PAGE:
New issue 2624: Weird performance on pypy3 when reading from a text-mode file
https://bitbucket.org/pypy/pypy/issues/2624/weird-performance-on-pypy3-when-reading

Nathaniel Smith:

This little benchmark tries to estimate the speed of `file.read` by comparing 
`seek(0); read()` versus `seek(0)`. If the file's opened in binary mode, then 
things makes sense and PyPy is fast – CPython does ~400 ns/(seek+read) and 
PyPy3 does ~70 ns/(seek+read). OTOH if the file's opened in text mode, then 
CPython does ~5000 ns/(seek+read) (which seems a bit silly but not 
implausible), and PyPy3 requires ~18,000 ns/(seek+read), which seems to suggest 
something has gone wrong.

Even weirder, I found that PyPy3's speed was stable for any individual file, 
but if I switched to a different file then sometimes the speed would change 
dramatically. Like `/etc/passwd` gives me ~18,000 ns/(seek+read), but 
`/etc/fstab` gives me ~6,700 ns/(seek+read), consistently. All the files I 
tried are plain ASCII, but maybe there's something weird about the pattern of 
newlines or something.

Possibly this is expected because Python 3's IO stack is just too complicated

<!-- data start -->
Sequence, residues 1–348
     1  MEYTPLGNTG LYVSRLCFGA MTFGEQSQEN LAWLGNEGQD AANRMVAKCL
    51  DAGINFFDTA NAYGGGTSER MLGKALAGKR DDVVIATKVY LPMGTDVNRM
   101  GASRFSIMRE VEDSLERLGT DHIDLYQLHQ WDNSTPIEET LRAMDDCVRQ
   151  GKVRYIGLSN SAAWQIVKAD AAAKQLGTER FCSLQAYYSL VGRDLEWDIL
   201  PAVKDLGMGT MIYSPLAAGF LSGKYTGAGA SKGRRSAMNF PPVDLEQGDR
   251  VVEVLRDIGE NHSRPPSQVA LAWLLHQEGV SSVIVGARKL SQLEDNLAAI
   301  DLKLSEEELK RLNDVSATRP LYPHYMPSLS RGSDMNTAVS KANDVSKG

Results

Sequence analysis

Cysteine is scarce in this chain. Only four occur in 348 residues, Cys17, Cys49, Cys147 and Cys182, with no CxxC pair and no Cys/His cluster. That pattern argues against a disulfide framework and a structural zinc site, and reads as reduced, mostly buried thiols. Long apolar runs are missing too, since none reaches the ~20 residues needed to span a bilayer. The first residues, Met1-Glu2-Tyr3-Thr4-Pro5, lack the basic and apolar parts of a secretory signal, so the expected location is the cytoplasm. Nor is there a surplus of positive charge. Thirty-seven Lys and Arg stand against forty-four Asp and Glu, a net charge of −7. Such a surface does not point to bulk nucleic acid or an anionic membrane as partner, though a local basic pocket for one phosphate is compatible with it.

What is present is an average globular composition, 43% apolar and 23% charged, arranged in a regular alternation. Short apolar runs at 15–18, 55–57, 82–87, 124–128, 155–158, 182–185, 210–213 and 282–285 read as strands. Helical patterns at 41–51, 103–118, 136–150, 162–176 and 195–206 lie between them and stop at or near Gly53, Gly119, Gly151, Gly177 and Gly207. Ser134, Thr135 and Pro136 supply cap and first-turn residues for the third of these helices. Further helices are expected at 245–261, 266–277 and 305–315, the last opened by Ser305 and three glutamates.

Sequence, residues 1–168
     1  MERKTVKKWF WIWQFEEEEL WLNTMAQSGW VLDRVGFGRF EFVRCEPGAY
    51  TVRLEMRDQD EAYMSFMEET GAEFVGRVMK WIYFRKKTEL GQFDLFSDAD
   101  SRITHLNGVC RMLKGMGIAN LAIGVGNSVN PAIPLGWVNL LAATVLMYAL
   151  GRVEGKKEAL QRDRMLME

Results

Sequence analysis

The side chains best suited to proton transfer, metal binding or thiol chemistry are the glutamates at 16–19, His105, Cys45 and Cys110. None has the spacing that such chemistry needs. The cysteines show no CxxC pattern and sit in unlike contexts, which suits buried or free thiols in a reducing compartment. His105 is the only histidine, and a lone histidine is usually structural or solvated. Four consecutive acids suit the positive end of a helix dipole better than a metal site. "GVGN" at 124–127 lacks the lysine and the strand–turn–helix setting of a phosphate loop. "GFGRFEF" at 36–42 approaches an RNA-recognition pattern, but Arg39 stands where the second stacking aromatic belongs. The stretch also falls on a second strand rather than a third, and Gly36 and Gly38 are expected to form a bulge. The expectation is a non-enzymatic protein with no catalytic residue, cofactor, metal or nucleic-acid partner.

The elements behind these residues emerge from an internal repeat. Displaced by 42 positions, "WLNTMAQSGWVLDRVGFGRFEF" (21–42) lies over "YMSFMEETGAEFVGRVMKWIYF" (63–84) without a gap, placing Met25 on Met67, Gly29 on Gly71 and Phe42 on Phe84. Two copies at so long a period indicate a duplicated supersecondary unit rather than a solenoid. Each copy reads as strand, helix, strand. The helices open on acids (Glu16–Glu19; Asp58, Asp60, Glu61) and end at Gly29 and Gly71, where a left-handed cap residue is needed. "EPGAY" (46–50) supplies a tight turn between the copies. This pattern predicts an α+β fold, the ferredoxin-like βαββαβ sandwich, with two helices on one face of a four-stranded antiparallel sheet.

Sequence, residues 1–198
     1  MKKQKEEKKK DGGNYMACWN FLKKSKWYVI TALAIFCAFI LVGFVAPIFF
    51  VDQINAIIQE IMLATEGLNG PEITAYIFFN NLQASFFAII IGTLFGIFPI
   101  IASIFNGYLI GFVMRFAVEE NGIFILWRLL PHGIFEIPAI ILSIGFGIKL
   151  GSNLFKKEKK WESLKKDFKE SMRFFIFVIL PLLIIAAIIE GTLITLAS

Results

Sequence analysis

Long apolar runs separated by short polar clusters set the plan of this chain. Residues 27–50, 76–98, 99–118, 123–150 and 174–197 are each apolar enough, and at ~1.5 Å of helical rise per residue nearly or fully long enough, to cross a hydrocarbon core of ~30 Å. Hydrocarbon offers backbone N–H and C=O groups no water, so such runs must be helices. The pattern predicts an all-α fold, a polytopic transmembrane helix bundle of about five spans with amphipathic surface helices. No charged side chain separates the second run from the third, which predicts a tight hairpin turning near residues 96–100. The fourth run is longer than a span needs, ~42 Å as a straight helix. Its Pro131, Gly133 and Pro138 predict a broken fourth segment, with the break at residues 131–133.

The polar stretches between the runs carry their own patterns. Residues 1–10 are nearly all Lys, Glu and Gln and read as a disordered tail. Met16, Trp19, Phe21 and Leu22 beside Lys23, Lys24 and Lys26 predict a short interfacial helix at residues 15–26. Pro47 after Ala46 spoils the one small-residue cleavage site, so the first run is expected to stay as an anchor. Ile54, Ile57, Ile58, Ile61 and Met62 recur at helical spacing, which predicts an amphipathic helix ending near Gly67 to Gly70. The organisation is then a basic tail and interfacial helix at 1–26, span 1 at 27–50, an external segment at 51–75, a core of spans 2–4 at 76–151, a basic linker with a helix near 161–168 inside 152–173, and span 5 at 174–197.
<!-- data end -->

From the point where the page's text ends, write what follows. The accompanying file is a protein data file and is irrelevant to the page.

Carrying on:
or something, but I found it surprising that such a small simple loop would be 
slower than CPython.

```python
import time

#COUNT = 1000000
#f = open("/etc/passwd", "rb")
COUNT = 100000
f = open("/etc/passwd", "rt")

while True:
    start = time.monotonic()
    for _ in range(COUNT):
        f.seek(0)
        f.read(10)
    between = time.monotonic()
    for _ in range(COUNT):
        f.seek(0)
    end = time.monotonic()

    both = (between - start) / COUNT * 1e6
    seek = (end - between) / COUNT * 1e6
    read = both - seek
    print("{:.2f} µs/(seek+read), {:.2f} µs/seek, estimate ~{:.2f} µs/read"
          .format(both, seek, read))
```


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